- Players in the mezcal industry, which is to say folks focused on volume production and bottom line figures, do everything they can to lessen the environmental impact from agave cultivation to by-product waste, and set fair employment practices with pay and benefits.
- The Federal Government (Mexican) is willing to intervene to set environmental standards and to recognize the cultural heritage of traditional mezcal production.
All that said, creating a distinction between traditional and industry is the toughest point of contention. We already have a situation where the vast majority of mezcal is labeled as artisanal. Who or what will prevent every industry mezcal from presenting itself as traditional? That is the major unresolved question.
It’s all about who is in the room
There was such an incredible mix of academics, conservationists, activists, agave producers, importers, agave educators, agave brands, chefs, bar owners and bartenders, and farmers. And yes, there were agave celebrities in attendance that made for some starstruck moments, me sitting between Carlos Camarena and David Suro for a panel discussion on the costs of production being one. But all of the attendees were present for one reason, love of agave. They are the people pushing the boundaries and conversations on what we know or think we know when it comes to the history and production of agave spirits. Sometimes those talks and presentations got uncomfortable. Beyond the presentations there were the conversations that bubbled up from interactions between the various attendees which are invaluable because of what that can lead to. How often is this array of people able to gather in one place, face to face and talk agave?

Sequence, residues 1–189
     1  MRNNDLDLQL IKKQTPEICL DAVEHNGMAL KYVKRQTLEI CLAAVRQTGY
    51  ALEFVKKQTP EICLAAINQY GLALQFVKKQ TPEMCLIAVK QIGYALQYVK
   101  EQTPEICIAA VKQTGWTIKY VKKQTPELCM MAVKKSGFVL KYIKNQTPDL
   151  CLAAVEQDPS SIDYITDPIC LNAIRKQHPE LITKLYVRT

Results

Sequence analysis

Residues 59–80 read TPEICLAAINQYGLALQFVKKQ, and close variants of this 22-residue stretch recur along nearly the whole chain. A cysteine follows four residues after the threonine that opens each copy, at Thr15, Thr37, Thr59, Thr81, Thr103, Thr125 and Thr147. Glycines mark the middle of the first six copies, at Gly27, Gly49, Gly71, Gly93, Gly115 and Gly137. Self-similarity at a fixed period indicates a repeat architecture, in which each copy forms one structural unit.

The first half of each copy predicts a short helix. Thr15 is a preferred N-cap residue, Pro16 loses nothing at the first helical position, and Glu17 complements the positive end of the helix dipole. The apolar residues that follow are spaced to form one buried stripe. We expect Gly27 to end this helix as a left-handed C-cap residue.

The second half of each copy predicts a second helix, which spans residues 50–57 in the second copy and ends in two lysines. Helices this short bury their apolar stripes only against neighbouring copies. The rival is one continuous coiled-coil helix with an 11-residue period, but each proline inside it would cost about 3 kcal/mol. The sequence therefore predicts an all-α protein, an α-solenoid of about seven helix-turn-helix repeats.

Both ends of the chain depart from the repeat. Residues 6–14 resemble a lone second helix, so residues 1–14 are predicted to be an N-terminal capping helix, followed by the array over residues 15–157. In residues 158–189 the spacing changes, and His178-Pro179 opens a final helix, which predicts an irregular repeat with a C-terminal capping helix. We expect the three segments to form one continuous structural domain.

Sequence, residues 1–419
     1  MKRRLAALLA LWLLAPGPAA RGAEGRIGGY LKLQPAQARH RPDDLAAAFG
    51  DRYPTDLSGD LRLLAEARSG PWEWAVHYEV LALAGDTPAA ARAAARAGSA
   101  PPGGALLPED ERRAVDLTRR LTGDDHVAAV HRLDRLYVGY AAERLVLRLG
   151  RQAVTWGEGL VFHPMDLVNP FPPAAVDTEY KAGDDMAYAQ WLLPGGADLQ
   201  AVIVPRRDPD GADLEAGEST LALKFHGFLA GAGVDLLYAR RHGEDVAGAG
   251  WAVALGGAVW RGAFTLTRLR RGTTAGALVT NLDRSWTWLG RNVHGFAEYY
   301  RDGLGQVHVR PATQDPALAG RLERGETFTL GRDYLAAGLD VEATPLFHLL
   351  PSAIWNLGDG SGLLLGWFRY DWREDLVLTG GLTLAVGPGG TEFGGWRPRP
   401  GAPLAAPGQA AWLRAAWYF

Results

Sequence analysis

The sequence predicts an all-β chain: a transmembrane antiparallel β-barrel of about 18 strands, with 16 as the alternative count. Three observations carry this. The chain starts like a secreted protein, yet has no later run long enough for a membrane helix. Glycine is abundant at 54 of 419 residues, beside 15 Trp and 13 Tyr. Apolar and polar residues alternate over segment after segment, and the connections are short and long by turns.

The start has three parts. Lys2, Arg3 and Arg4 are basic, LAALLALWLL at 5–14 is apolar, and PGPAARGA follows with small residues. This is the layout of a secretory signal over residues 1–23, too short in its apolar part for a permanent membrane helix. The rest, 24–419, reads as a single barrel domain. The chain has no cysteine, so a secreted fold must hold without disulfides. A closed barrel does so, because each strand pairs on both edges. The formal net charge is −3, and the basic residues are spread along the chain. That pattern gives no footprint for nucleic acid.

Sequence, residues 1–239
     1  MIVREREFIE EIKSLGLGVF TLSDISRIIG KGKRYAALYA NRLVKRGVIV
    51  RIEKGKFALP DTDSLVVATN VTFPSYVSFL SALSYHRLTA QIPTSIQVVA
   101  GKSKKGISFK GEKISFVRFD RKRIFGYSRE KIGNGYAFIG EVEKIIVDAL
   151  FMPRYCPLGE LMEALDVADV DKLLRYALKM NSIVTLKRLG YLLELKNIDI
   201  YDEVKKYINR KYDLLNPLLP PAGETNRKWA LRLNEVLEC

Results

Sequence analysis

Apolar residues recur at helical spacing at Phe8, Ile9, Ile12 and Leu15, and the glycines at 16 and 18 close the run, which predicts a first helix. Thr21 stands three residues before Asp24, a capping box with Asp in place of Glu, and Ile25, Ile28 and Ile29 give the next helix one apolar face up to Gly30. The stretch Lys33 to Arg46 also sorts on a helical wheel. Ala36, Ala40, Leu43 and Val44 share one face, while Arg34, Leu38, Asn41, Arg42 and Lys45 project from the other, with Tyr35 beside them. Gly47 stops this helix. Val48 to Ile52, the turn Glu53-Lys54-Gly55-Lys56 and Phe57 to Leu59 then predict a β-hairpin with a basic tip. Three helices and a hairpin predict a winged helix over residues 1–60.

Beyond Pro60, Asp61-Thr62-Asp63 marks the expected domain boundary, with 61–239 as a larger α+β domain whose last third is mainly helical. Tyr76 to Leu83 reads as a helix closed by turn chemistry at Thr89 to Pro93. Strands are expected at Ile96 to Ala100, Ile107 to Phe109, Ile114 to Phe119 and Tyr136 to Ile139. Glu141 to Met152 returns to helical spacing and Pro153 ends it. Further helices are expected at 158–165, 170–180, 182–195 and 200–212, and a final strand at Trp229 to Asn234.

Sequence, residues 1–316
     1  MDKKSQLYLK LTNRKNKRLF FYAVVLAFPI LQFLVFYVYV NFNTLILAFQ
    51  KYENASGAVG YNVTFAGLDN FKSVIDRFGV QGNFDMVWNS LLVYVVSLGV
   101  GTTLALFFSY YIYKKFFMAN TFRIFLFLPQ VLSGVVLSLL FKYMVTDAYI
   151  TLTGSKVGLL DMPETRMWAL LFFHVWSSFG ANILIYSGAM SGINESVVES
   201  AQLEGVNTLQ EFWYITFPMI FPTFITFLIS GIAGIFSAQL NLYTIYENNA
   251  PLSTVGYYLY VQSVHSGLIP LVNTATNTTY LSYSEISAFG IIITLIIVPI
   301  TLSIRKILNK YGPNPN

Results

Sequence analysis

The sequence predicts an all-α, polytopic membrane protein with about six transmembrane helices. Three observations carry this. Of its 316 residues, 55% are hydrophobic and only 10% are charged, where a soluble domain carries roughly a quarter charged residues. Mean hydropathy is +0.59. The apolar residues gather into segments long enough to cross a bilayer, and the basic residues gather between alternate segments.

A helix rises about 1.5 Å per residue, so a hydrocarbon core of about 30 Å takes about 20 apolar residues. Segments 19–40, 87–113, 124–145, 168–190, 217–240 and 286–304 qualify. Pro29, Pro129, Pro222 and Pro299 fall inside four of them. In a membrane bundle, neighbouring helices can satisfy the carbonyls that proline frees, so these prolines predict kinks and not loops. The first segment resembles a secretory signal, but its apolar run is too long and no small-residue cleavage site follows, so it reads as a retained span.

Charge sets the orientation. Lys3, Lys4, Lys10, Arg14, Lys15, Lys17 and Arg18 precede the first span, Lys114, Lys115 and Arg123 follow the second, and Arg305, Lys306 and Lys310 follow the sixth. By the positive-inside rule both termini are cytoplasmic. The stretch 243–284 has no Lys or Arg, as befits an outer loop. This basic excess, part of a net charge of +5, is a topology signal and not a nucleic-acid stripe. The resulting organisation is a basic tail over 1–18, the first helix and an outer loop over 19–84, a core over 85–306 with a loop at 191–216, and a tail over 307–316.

While Mexico in a Bottle events may have a broad audience, the focus is on the interaction between brands and attendees, be they industry, academic or consumer. And while the educational programs offered so much, it was the conversations after the talks that were so incredible. I liken the event to being an incubator for ideation when it comes to agave spirits which is why this festival is so important. It reminds me so much of the Eco Farm Conference which brings together various stakeholders in the agricultural sector to ideate an ecologically and just focused food system. What had been seen as radical ideas 40 plus years ago (Organic farming! Soil regeneration! Microbiome!) have since become accepted practices and focus.
Joy at the heart of it all
The talks and conversations were heavy and there were times it felt like we should all just throw up our hands and say forget about it. But to do that is to miss why we were all here in the first place, the joy found in celebrating our love for agave. The spirit is after all, the final gift from the agave that has come to the end of its physical life. We absolutely need to keep space to share sips, laugh and maybe even dance the night away.